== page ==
BMW motorsport director Mario Theissen talks about the Hockenheim cirucit "For BMW, this weekend at Hockenheim marks the second home event of the season. Up until 2001 the circuit was something of an 'Eldorado' for strong engines such as ours.
BMW motorsport director Mario Theissen talks about the Hockenheim cirucit
"For BMW, this weekend at Hockenheim marks the second home event of the season. Up until 2001 the circuit was something of an 'Eldorado' for strong engines such as ours. Nothing but power counted on the long straights in the woods. Those were the sections which demonstrated, in the most impressive way, who had the strongest engine. At the last event on the old track, Juan Pablo Montoya managed to clock a lap record, which will last forever."
"Those straights are now gone as the track has been revamped. Yet Hockenheim remains one of the most challenging circuits engine-wise. Last year we recorded a full-throttle percentage of 62 percent, and the track layout, even with its tight infield section, is one of the fastest on the calendar, with top-speeds ranging up to 332 kph."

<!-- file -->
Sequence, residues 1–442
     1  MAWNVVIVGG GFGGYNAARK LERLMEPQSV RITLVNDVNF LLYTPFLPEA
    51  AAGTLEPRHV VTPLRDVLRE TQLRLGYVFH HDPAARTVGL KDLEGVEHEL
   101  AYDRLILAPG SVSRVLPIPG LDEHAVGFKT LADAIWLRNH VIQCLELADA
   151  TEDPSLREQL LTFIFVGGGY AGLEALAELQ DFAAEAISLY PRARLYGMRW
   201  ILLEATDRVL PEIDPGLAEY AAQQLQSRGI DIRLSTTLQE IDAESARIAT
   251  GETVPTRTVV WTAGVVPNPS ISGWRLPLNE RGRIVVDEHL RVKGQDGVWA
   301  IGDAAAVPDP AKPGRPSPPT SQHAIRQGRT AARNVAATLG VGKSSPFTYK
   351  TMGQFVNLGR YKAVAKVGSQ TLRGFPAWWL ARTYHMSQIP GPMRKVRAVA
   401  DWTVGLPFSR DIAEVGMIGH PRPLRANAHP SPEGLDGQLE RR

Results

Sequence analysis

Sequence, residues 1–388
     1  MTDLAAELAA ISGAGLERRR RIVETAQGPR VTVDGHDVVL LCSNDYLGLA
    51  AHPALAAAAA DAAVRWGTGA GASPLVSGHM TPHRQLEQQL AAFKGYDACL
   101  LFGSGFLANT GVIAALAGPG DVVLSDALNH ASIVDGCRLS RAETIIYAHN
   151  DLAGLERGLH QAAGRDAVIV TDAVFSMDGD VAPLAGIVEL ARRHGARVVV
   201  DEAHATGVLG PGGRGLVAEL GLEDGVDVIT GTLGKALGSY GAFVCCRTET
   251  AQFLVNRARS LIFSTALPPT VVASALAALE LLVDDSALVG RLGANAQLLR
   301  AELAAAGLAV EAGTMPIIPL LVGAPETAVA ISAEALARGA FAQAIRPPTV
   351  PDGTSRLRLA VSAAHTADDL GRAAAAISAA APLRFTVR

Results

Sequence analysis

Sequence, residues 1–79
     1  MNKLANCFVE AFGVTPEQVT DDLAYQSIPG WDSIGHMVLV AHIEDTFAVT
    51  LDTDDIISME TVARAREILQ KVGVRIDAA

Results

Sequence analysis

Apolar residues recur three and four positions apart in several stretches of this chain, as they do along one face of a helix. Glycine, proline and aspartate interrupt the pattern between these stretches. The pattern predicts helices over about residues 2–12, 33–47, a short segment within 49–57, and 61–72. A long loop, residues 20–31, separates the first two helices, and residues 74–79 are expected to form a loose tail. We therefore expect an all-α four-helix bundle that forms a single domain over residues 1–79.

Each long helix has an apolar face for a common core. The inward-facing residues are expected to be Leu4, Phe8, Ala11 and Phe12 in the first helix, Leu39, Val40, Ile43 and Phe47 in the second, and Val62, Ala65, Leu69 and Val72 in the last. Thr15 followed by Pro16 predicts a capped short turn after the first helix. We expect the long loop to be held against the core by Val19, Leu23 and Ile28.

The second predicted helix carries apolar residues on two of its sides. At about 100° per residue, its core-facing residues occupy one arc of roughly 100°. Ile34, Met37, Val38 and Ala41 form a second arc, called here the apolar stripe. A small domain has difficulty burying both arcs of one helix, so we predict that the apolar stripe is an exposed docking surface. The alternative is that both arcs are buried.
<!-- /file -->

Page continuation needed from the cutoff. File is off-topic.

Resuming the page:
"Of course we were disappointed when the track was revamped, but at the same time the positives outweigh the negatives. Thanks to its new compactness, the Hockenheimring is much more spectator-friendly. In the old days, only a few spectators were able to watch through the fences in the woods, whereas now there are impressive grandstands all around the circuit."
"The second positive is the opportunity for overtaking. Formula One is currently lacking in this area. There are some interesting battles in the midfield and behind, but they are very rare at the front. One reason for this is the closeness of competition - if nobody makes a mistake, nobody will overtake. This year the pit-lane speed limit has been increased to 100 kph which leads to more stops in general so a driver may well think about waiting for the pit stops to get past another driver, rather than risking an on-track manoeuvre."
"Clearly it is more interesting if a race track enables drivers to fight wheel to wheel against one another. Modern race track architecture has considered this problem. Hockenheim is a very good example of this, especially in one section: a long-sweeping bend, "Parabolika", which leads to a very slow hairpin."
"The road is broad enough to enable varying braking points and driving lines. The hairpin is followed by a wide tarmac run-off. That means that even if an attack fails to succeed, the driver won't be stuck in a nasty gravel trap. Such measures are valuable assets to exciting races. This is one more reason why we are looking forward to our home Grand Prix!"